It was looking like director and co-writer William Friedkin had wanted to reinvent the genre for the eighties in a way that he had done for the seventies with his classic The French Connection, except there was a small problem with that: Michael Mann had already done it with his hit television series Miami Vice. Mann was not best pleased when he saw this effort, believing that Friedkin had ripped off his whole act, but as there was no shortage of other filmmakers, lesser ones too, who had done the same, it's not surprising that his case went nowhere. What To Live and Die had in its arsenal was a more bloodthirsty style, although style was definitely the order of the day.

Yet the strange thing is, the filmmakers didn't appear to like their characters very much, fine if the characters were the bad guys, but more problematic if they were the goodies. Or at least, they didn't mind if the audience didn't like them too much, as Chance as played by future CSI star (and Mann's Manhunter star!) Petersen is a real poseur, to use the eighties word, a man who obviously thinks so much of himself that he's willing to work outside the law he is meant to be upholding, and drawn into a downward spiral of his own arrogant methods at crimefighting - he's actually inept at times. It could be that he was simply matching his gleaming, glossy surroundings, but he harks back to the less than lovely cops of the previous decade in his deportment.

Friedkin sustained his film with a kineticism which sweeps you along even as you notice there's no one really to sympathise with, as everyone appears to be on the make, from the telling opening titles to the major players in the story. Every so often there will be a pursuit of some kind, often on foot, but another link to The French Connection arises with one of the great car chases of the era which sees Chance and his antsy new partner Vukovich (John Pankow) stealing a money belt of fake bills from under the noses of the bad guys, but having trouble getting away with it when the hunters become the hunted. Nobody who has seen it will be able to put that chase out of their mind when this film comes up, but there was a further ace up the movie's sleeve with a truly surprising ending, assuredly not something that would ever have happened on Miami Vice and underlining the shiny cynicism of the piece. The surface gloss is so absorbing it's easy to forget that To Live and Die in L.A. was a hard film to warm to. Music by Wang Chung, and doesn't it sound it.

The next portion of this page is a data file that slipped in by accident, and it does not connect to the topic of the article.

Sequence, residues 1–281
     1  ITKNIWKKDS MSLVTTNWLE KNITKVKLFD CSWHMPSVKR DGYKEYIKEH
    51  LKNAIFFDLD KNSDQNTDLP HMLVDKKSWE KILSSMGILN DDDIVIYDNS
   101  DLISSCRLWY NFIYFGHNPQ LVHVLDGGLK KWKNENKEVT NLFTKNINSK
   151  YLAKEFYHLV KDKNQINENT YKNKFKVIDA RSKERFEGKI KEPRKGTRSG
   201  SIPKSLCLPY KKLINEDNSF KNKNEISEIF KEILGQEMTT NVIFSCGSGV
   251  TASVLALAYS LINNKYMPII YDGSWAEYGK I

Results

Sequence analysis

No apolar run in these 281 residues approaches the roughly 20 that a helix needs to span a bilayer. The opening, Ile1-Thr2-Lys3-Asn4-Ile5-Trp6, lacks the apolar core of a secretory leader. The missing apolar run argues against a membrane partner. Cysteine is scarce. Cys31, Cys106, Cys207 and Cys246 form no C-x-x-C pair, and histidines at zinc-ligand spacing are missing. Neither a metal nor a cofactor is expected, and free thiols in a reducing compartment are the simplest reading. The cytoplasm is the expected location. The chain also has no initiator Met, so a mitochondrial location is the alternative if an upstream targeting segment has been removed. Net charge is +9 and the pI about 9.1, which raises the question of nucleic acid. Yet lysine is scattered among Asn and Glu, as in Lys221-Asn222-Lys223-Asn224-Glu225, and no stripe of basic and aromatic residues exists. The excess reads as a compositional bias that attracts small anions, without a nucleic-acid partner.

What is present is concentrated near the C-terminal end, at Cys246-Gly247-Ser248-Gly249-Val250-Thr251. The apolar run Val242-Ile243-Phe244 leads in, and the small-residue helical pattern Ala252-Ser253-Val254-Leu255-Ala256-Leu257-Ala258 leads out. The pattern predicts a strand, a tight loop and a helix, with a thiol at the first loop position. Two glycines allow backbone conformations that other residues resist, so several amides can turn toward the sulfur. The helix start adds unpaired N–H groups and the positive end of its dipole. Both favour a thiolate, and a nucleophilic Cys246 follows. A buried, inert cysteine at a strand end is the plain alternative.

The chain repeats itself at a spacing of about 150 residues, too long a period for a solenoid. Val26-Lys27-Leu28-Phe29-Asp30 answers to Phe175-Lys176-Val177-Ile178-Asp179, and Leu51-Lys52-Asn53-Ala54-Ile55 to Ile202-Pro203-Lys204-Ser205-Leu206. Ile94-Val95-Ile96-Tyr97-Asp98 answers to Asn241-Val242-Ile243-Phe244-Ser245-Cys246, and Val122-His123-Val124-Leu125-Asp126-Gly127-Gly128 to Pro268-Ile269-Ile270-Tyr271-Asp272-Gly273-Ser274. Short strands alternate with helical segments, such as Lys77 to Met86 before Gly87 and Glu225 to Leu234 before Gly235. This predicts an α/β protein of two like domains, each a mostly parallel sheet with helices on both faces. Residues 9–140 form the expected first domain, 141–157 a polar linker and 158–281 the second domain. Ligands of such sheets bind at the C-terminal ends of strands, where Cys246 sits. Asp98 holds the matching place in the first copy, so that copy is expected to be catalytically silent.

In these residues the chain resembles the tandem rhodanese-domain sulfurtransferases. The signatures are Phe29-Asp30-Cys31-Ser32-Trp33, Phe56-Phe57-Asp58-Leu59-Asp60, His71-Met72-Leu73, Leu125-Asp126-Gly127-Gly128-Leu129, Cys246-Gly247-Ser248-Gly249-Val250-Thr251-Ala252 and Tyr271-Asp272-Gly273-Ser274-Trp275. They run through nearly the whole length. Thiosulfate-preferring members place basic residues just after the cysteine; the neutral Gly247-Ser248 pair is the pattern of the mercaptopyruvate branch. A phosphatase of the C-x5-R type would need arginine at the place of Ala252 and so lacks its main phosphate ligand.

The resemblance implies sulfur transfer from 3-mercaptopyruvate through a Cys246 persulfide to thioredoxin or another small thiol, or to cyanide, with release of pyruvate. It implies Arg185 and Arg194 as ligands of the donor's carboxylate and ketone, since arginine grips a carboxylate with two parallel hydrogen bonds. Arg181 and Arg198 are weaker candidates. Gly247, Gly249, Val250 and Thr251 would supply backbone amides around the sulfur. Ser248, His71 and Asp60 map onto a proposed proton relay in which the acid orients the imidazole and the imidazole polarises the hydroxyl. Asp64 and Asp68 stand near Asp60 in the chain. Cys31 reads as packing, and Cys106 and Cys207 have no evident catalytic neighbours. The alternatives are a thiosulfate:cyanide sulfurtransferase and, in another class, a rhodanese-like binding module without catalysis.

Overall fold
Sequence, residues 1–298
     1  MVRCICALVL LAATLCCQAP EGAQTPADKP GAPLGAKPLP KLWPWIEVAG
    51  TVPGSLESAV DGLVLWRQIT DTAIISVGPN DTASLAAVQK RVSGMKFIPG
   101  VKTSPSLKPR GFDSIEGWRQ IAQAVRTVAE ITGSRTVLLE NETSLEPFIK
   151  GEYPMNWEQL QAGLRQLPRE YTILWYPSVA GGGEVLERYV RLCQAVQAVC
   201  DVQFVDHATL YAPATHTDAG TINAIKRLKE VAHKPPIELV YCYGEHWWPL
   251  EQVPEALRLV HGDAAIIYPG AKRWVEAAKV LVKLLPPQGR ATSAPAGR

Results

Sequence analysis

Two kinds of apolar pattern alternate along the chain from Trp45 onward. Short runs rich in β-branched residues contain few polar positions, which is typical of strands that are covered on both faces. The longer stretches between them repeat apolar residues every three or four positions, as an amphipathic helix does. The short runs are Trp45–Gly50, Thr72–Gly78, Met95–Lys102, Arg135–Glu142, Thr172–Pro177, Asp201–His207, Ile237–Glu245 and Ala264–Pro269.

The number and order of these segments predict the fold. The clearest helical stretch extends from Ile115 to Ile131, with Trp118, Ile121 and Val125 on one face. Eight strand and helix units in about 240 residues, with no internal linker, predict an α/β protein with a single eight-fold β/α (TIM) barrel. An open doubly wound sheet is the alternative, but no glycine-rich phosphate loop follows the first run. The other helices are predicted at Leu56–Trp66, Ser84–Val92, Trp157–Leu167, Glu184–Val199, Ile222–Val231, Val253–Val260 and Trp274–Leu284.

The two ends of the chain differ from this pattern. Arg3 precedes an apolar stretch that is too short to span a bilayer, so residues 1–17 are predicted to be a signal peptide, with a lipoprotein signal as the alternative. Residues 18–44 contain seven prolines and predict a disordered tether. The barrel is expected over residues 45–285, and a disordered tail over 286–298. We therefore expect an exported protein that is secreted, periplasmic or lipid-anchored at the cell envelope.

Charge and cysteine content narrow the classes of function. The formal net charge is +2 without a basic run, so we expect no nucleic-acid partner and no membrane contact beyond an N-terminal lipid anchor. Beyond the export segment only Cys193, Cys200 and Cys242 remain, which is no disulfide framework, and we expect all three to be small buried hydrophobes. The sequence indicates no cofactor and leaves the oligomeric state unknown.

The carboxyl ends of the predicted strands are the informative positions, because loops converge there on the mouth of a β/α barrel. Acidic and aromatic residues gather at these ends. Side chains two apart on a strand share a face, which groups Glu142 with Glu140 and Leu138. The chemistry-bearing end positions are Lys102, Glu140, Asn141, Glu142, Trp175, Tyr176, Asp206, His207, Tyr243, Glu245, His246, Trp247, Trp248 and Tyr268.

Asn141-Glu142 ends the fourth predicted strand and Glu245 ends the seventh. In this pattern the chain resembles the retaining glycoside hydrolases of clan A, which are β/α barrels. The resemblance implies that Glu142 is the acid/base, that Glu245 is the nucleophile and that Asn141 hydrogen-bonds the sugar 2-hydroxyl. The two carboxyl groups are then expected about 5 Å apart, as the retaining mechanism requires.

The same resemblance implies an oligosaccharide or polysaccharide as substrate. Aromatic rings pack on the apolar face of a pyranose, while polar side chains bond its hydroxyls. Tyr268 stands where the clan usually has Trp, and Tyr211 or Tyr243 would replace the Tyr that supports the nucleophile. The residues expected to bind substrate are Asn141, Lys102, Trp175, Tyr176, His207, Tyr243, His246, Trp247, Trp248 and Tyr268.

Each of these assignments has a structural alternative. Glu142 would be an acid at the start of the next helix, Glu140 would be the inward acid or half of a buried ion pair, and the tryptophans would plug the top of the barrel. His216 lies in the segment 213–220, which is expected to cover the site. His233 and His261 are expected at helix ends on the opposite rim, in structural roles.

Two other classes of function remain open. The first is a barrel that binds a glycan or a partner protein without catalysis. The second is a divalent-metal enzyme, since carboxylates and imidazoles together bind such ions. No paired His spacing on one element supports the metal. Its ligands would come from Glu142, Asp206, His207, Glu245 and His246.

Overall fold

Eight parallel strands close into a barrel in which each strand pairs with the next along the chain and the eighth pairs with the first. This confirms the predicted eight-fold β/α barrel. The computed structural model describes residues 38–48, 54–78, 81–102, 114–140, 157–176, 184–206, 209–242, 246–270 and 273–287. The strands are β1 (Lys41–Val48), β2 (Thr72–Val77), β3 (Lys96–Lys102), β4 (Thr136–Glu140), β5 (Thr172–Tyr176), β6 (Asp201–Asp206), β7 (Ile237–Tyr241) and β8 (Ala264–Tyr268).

Reviewer: Graeme Clark

 

This review has been viewed 2020 time(s).

As a member you could Rate this film

 

William Friedkin  (1935 - )

American writer/director who has struggled throughout his career to escape the legacy of two of his earliest films. Debuted in 1967 with the Sonny & Cher flick Good Times, but it was the gripping French Connection (1971) and phenomenonally popular The Exorcist (1973) that made Friedkin's name and influenced a whole decade of police and horror films. Since then, some of Friedkin's films have been pretty good (Sorcerer, the controversial Cruising, To Live and Die in L.A., Blue Chips, Bug, Killer Joe), but many more (The Guardian, Jade, Rules of Engagement) have shown little of the director's undoubtable talent.

 
Review Comments (2)


Untitled 1

Login
  Username:
 
  Password:
 
   
 
Forgotten your details? Enter email address in Username box and click Reminder. Your details will be emailed to you.
   

Latest Poll
Which film has the best theme song?
Spectre
The Ups and Downs of a Handyman
   
 
   

Recent Visitors
Graeme Clark
Arif Kabban
  Robert Segedy
Darren Jones
  Asma Amal
  Chris Lawrence
Enoch Sneed
George White
   

 

Last Updated: